Norway Day 4 – picture postcard day

Everyone would recognise that iconic Norway postcard of a brilliant blue/green  fiord between snow covered mountains , well here it is. I hiked to the very spot today!

It’s known as the Flatbrehytta walk and is 9km long, which does not sound that much, but the elevation gain is 3140 feet – almost 1000m and is situated in the Jostedalsbreen National Park.
Again words cannot describe this unique hike in absolutely stunning weather conditions, so here follows a few pictures one of two of me again in basic black.

We are headed for the red cabin

And here is the view again from the cabin !

The Village of Solvern 

This idyllic village lies in the western region of Norway on the shores of the Lustrafjiotd and a few kilometres from the Jostedal Glacier. The previous fishing village now produces summer berries and autumn apples as well as the fresh fish. The wooden houses spread up the terraced mountains. 

At the waters edge is the Walaker Hotel, which has been untainted in its more than 3 centuries of existence. The current owners, the Nitter family , have run the hotel for nine generations!

Consequently I reckon This village and its’ iconic hotel deserves a separate blog article all on its own. 

The reading and music room

The Dining Room


The front garden – only part of it!

Norway Day 3

Not another bloody waterfall or fiord. We hiked some 7.5 km to the base of the glacier straight in of you in the picture below. 
As we approached. A deep rumble developed and we witnessed a glacial (ice) avalanche- different from the snow version, it was explained 

Still in black and after several days still smelling like a rose

Norway Day 2

Today was much better weather and the activities included a delightful meander along one of the narrowest fiords, then a boat cruise on the fiord and finally an incredible climb/walk to a 900 year old wooden church perched high on the mountain side.

Basic black seems to suit me, I think and yes my pants are falling down!

Inside the church which is essentially all wood the exterior is coated in bitumen

Hotel for the next two nights in a delightful cove in a fiord


The private dining room for our dinner on the first evening

Norway Day 1

If you read and understood my frustration with the Reykjavik Airport queues, rest assured the Bergen Train station is almost its’ equal. 

The Bergen station in the rain, still looks impressive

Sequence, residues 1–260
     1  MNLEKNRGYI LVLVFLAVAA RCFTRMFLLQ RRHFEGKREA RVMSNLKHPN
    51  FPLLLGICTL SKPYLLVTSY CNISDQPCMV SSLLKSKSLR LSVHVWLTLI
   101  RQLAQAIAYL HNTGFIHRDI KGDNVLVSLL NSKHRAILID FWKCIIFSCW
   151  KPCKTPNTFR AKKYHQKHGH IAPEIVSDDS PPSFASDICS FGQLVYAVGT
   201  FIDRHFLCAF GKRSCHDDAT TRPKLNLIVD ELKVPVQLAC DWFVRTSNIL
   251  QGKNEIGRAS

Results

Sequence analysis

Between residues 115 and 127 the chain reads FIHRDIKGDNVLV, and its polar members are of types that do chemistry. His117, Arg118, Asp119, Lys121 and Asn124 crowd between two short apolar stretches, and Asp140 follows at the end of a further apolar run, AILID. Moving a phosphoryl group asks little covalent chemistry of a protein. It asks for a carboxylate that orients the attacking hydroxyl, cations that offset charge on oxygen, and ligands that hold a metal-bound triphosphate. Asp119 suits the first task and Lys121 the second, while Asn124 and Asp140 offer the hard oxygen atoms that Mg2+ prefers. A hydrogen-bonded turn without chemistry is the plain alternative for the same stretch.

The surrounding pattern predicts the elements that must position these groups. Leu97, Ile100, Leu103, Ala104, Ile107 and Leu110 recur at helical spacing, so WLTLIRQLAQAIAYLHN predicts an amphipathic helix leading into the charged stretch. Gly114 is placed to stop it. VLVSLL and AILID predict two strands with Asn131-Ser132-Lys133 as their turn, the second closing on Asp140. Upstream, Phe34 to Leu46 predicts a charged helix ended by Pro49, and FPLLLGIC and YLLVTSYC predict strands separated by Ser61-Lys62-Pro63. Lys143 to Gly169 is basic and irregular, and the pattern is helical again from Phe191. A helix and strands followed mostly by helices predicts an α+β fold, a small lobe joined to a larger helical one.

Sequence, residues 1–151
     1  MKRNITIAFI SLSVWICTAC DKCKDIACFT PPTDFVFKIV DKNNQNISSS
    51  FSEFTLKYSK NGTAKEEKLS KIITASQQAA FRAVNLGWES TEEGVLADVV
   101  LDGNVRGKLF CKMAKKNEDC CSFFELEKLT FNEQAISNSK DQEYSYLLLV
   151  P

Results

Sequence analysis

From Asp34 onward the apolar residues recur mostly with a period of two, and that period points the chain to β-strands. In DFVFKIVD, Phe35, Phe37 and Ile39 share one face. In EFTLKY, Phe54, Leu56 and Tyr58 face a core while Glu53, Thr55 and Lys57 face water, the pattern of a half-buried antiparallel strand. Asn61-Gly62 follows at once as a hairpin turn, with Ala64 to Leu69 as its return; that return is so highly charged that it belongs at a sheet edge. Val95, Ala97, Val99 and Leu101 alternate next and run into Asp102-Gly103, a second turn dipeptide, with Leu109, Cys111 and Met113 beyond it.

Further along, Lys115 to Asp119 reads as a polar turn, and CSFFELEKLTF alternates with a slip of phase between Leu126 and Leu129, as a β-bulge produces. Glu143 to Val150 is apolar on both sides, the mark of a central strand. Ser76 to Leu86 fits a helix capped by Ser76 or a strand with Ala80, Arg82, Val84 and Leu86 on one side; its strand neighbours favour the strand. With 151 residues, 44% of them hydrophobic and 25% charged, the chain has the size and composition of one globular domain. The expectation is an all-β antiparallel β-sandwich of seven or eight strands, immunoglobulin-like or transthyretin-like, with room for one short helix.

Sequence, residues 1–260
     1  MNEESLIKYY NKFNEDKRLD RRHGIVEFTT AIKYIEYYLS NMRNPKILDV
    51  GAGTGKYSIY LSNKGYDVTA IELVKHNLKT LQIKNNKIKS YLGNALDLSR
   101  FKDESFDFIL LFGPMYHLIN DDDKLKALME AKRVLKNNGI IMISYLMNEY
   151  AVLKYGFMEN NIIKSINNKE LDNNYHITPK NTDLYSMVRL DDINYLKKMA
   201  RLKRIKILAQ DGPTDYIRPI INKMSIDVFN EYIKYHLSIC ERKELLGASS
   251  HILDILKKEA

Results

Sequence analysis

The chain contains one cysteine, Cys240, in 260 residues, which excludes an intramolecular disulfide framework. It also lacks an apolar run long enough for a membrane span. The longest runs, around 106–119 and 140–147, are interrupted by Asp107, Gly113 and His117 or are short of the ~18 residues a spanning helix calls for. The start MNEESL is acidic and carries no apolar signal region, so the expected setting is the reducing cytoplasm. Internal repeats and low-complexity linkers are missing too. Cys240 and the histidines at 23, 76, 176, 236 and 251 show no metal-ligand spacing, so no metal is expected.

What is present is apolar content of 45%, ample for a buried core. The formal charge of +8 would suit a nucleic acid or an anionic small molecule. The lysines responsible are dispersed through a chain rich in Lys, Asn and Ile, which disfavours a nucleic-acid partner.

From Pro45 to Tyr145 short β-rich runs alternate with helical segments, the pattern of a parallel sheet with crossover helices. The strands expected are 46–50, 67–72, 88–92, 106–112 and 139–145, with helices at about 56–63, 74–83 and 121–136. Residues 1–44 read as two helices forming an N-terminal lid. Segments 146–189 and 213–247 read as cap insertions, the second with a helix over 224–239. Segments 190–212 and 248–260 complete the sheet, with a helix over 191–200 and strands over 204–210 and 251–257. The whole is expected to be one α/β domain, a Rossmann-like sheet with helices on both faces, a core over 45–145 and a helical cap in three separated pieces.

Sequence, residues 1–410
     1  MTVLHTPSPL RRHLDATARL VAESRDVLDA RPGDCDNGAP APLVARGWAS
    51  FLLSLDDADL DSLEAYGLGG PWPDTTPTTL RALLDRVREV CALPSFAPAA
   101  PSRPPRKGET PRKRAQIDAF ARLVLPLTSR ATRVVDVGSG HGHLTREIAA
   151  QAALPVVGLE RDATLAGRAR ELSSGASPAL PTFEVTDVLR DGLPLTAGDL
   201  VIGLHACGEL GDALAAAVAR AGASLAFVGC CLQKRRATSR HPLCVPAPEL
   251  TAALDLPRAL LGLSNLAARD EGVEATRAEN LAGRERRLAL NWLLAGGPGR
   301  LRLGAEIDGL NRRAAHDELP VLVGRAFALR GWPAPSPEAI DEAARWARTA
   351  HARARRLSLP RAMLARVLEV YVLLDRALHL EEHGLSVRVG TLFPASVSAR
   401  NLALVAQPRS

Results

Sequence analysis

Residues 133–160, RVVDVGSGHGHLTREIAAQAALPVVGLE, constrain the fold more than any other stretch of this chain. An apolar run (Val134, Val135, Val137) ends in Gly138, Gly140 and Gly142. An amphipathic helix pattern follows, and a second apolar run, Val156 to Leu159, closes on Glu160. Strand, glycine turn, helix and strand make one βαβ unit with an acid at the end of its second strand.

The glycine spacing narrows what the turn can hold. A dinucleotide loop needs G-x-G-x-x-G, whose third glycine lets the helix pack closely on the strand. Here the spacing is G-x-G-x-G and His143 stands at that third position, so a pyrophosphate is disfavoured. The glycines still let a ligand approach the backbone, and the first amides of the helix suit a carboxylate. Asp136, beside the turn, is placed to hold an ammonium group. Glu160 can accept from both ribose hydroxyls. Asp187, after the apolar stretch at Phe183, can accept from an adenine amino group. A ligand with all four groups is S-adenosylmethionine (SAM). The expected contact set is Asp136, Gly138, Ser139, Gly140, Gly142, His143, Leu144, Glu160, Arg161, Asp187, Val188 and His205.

The queue for the train to Voss

Today was bleak! Dark grey clouds, drizzling rain and the air temperature a cool 7 degrees centigrade. This does not deter the average Norwegian male who, as it is officially summer, parades the streets in a T-shirt. Tourists who outnumber the natives by 100 to 1, are immediately discernible by their attire: down jacket, gloves, rain pants and boots, giving the distinct impression of  being Amundsen the famous Norwegian polar explorer, about to set out and reach the South Pole.

room with a view!

The hike day 1

Farmer’s hut – 150 years old

Our “private” dinner in an old farmers barn! Felt a little like Game of Thrones”

Bergen stop over 

A day and night in Bergen before the train to Voss where I meet up with my Backroads group. Bergen is the oldest port city in Norway and the old quay district, called Bryggen is an UNESCO world heritage site. 
A few pictures will give you a feel for the old town


These pictures show the original wooden shops and delightful alleys. Two of them are in the process of major renovation as rotting wood and sunken footings are causing significant structural instability 


I wandered into the Bergen Cathedral to a charming rehearsal of a children’s concert tomorrow, Sunday

Comfort Economy

I sit in the Icelandic Air Lounge, having bypassed yet another check in queue that brought water to my eyes as I entered the departure hall. One elderly couple confirmed that they still had fond memories of the last volcanic eruption which was around the time they had joined the queue. 

Yet again I question why we are encouraged, indeed forced, to check in either on-line or at the ATM-like machines that will very rapidly print luggage tag and boarding pass, only to then be herded into the same inevitable queue, to hand over passport and boarding pass to a living human, seated in front of a computer monitor, who checks all your details for the third if not fourth time.  I hasten to explain that I actually do prefer human contact, but not having to wait so long that by the time I get to the counter, I need to shave.

It is one of the many advantages if not the most useful, of flying Business Class, as the queue melts away, unless, perchance , you have in front of you a young German family with 5 children including twins at the toddle age, grandparents, nanny  and luggage which includes a twin pram, 2 pushers, and ski equipment for every adult and child. 

I am in seat 5F – Icelandic Air “Economy Comfort”. If I had the advertising/marketing account for Icelandic Air, I would NOT have called it “comfort” as it implies that their basic Economy class (coach – for the American readers) is thus “uncomfortable”! 

Last night I attended a delightful concert of Icelandic Folk Songs in the very modern Concert Hall in Reykjavik. A soprano, contralto and pianist. I went with Lena from our Backroads group. It lasted an hour and was very polished and slanted towards the tourist as the songs were all surtitled in English.  


We were supposed to meet up after with some of the Backroads group at a local wine bar, but we were stood up! Mind you it was standing room only when Lena and I arrived around 7:15, …… not my usual “cup of tea”! 

I am now sitting on the fly bus at Bergen, Norway, and about to start another Backroads holiday. If the members of the group I join tomorrow are half as friendly as the Iceland travellers, I will almost certainly have a memorable time! I miss them all already